Home Tech Basso Diamante SV road bike review

Basso Diamante SV road bike review

The Basso Diamante SV enters a highly competitive aero road bike category that is currently dominated by the Merida Reacto, Cannondale SystemSix and Specialized Tarmac SL7. This dominance has made it increasingly difficult for smaller brands to stand out and Basso was naturally forced to repackage its ageing Diamante SV using the contemporary design manual for the best aero road bikes.

Unlike the original Diamante SV that was launched back in 2017, the second-generation model is only available in disc-brake guise – a rim-brake option is available on the standard Diamante. The SV moniker itself is a giveaway of the bike’s intentions. These two letters stand for Super Veloce or super fast, which, historically, is only bestowed on Italian machines that truly embody the notion of speed.

With version two, Basso has looked at ways to improve its go-faster recipe and claims that through meticulous attention to detail the Diamante SV is now faster than ever. We spent three months testing it in an effort to establish where it sits in the category.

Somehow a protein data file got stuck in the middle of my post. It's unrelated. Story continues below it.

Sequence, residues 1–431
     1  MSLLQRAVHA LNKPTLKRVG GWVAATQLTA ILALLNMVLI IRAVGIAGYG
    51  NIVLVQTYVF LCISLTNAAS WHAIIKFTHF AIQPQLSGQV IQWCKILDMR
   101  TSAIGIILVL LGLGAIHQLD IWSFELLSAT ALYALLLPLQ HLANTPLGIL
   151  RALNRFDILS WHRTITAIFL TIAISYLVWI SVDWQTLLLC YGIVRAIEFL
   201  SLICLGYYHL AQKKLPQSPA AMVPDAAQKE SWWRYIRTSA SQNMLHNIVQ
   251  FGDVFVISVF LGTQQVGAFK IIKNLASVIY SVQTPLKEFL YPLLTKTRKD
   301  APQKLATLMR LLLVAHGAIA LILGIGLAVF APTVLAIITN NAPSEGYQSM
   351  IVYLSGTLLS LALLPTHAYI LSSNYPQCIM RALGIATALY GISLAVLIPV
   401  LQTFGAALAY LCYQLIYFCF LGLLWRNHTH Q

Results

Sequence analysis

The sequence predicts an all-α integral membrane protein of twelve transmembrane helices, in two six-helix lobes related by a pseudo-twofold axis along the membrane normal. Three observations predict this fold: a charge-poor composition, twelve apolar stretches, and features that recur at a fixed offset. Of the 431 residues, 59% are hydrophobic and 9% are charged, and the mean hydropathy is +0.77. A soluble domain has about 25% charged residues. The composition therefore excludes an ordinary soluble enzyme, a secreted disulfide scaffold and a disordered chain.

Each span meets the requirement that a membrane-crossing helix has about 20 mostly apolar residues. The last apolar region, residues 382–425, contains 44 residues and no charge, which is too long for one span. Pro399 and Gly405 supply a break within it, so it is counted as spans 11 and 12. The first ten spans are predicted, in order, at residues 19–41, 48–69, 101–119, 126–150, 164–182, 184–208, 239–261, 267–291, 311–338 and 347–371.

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Basso Diamante SV

The Diamante SV gets a fully integrated cockpit complete with adjustable spacers under the stem (Image credit: Aaron Borrill)
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Basso Diamante SV

The Aero System handlebar arrangement is specific to the Diamante SV (Image credit: Aaron Borrill)
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Basso Diamante SV

Alcide Basso’s signature on the top tube is also a classy touch (Image credit: Aaron Borrill)
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Basso Diamante SV

The aesthetics are boosted by the minimalist yet tasteful approach to logo placement (Image credit: Aaron Borrill)
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Basso Diamante SV

The bike on relies on reputation and lineage rather than brazenly designed graphics to make an impact (Image credit: Aaron Borrill)